In this Example, when the light direction-altering structure 16 in the signal receiving end is in a hemispheric shape, the surface region of the light direction-altering structure 16 that reflects light from a transmitting source varies depending on the direction of the transmitting source. Thus a light beam in a certain direction is received only by a light-receiving portion of the light-receiving element 7 locating just above the reflecting surface region of structure 6. As can be seen in FIG. 2, which shows a plan view of a hemispheric structure 32, the reflected light intensity of an incident light coming from a direction 35 is particularly strong from a region 33 of the hemispheric structure 32, and that of the light from a direction 36 is particluarly strong in a region 34. Accordingly, if the surface of the light-receiving element 37 is mounted with a plurality of light-receiving portions 38 arranged in a circular form around another light-receiving portion 38 arranged to locate just above the top point of the hemispheric structure 32 as shown in FIG. 2, and each of them can independently detect signals, it is possible to identify the position of the transmitting source based on the received light pattern by the light-receiving portions 38. For example, the relationship between each transmitting source and the light intensity pattern may be stored in a memory portion of the circuit, and retrieved to process signals according to a program in the processing portion. Even if there are multiple transmitting sources 6 as shown in FIG. 1, therefore, plural signals can be multiplexed in the same core 1 in the planar slab optical waveguide layer 11 not having linear waveguides. Although a hemispheric shape is used as a structure for altering light direction in all direction covering 360 degrees in this example, a conic or pyramid shape may also be used. The number and/or pattern of the light-receiving portions are not limited to those shown in FIG. 2.
 Next, an exemplary fabricating process of an optical waveguide device of this example is described with reference to FIGS. 3A, 3B, 3C, 3D, 3E, 3F and 3G. In this example, a light direction-altering structure embedded within an optical waveguide layer is made by metal plating. In FIG. 3A, Cr/Au (21 and 22 respectively) is deposited on a glass substrate 20 as whole surface electrode for plating. The substrate is not limited to glass, and may be Si, ceramic and resin, etc. In FIG. 3B, photoresist 23 is patterned by photolithography, and a window 24 for plating is formed at any desired location where a light direction-altering structure is to be formed. In this example, the size of the window 24 is 5-10 μm in diameter. In FIG. 3C, thickening the material beyond the photoresist 23 by plating results in a hemispheric shape as shown by the reference numeral 25. In this example, Ni electrolytic plating was used to create a hemispheric structure 25 having a thickness of 80 μm that is slightly less than 100 μm of the core layer thickness of an optical waveguide sheet: this leads to a diameter of 160 μm. Any size may be obtained by adjusting plating time, etc. to optimize the result depending on a sheet thickness, a type of light source and/or light receiving element.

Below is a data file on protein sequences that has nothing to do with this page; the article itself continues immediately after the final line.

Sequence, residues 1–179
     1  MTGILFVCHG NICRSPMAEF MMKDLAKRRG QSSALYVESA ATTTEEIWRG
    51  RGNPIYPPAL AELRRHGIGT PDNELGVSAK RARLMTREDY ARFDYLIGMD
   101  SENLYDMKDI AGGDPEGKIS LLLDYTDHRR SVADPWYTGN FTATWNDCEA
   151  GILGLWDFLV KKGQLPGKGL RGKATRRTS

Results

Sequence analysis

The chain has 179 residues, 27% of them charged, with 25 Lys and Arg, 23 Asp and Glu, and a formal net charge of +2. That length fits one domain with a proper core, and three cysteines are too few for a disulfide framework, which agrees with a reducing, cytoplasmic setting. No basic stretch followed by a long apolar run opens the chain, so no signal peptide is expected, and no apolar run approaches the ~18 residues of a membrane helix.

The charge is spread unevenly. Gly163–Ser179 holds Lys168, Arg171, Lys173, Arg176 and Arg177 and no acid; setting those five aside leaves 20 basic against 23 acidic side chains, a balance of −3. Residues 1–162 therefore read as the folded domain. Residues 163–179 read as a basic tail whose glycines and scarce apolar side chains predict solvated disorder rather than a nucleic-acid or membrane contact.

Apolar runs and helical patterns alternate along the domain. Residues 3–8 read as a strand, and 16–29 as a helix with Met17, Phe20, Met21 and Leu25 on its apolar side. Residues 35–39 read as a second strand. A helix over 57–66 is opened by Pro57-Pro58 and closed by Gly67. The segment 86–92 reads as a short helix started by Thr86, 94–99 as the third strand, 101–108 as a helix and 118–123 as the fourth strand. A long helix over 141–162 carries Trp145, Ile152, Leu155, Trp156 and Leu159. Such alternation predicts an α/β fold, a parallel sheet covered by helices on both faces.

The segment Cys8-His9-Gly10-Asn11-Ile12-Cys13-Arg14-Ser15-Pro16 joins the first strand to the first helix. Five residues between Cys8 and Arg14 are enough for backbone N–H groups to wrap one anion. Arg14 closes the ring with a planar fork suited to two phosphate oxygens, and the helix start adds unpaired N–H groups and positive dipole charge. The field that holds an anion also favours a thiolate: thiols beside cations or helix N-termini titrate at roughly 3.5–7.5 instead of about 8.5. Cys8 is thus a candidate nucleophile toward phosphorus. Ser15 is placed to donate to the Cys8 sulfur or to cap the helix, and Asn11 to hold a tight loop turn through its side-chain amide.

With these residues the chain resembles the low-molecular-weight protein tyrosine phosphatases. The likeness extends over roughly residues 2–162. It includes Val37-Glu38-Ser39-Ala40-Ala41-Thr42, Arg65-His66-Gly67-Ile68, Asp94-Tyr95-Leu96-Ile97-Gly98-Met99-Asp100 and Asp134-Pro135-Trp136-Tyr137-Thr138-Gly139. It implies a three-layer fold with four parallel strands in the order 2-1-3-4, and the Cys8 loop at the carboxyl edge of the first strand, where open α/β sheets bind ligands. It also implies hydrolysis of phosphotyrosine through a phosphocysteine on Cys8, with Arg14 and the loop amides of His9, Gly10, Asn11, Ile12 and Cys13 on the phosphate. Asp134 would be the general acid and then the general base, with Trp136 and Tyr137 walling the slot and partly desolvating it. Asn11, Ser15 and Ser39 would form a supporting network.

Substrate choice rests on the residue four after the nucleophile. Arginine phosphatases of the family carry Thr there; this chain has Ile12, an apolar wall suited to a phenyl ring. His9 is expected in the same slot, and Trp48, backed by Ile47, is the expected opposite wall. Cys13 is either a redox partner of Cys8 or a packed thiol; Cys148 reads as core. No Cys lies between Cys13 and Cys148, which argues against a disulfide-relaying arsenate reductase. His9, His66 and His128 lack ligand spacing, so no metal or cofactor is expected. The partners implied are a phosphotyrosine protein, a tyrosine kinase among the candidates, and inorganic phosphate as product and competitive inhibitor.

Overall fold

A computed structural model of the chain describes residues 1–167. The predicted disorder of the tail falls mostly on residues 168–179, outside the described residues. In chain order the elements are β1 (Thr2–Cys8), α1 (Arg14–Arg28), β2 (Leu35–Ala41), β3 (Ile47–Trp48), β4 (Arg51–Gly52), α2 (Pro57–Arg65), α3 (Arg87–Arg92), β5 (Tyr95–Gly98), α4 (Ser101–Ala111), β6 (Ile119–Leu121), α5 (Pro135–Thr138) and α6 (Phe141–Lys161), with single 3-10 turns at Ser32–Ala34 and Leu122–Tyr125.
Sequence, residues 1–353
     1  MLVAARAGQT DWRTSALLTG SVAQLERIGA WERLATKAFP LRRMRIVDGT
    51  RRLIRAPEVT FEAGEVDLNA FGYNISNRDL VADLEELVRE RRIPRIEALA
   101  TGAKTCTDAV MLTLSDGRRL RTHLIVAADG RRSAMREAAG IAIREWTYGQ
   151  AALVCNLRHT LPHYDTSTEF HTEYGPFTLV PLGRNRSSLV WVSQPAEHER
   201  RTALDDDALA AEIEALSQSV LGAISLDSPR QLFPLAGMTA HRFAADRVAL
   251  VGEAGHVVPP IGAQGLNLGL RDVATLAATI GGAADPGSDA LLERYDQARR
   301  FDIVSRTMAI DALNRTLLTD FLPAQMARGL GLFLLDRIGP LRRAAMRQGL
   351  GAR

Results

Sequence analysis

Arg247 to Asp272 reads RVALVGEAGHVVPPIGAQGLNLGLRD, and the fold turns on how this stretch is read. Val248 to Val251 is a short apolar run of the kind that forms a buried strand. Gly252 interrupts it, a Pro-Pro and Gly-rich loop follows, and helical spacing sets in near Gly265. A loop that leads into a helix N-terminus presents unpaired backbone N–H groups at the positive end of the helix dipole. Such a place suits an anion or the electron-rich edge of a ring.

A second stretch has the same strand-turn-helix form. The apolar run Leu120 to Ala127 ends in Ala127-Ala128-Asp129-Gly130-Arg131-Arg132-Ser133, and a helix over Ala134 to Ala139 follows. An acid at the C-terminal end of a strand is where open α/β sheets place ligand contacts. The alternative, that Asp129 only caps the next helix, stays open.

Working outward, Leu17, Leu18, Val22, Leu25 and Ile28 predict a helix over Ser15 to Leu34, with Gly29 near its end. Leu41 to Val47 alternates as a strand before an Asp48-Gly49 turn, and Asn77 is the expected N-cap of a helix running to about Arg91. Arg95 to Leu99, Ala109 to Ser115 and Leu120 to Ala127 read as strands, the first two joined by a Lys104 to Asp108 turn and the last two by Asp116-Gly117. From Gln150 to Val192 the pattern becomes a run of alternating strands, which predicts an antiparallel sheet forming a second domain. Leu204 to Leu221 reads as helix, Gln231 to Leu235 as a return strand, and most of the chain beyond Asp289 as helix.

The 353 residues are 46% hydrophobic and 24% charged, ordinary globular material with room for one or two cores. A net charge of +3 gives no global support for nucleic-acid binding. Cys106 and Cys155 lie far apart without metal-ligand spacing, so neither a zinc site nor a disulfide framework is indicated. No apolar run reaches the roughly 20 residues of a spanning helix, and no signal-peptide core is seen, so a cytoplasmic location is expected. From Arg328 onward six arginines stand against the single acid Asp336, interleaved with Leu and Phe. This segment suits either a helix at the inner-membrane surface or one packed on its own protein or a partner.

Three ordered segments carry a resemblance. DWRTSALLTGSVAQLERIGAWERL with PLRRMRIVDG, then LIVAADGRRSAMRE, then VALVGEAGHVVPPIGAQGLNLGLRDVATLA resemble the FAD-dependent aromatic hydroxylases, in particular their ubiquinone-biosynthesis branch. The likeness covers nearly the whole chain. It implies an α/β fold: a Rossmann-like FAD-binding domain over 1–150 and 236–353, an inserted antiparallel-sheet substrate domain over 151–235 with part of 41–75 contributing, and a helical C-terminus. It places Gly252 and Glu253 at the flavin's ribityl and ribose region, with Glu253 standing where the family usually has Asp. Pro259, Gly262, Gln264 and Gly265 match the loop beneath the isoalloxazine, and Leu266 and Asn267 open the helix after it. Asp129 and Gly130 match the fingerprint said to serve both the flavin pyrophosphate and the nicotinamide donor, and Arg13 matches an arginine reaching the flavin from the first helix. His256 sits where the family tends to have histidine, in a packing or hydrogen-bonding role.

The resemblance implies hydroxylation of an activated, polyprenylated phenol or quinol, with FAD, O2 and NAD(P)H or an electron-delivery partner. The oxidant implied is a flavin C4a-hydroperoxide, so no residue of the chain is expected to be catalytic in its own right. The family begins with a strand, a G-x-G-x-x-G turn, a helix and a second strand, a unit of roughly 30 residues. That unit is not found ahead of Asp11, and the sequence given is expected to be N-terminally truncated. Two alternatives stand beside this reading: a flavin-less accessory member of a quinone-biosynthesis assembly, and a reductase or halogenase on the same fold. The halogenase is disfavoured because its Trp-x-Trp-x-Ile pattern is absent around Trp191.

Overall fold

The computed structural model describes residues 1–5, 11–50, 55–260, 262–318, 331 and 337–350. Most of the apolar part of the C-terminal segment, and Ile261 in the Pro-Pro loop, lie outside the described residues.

The plating material may be Cu, Cr, Al, Au and other metal or compound, and heterogeneous materials may be multilayered. The electroless plating may be used. In FIG. 3D, removing the photoresist 23 reveals a structure that has a hemispheric structure 25 of 160 μm in diameter having a stem (base) of about 10 μm diameter. Although any desired number and pattern of hemispheric structures 25 may be formed by patterning the photoresist 23, if necessary, certain hemispheric structures 25 may be removed by flipping off or by adhering to an adhesive tape. This allows various arrangements of hemispheric structures even if the same photoresist patterning mask was used.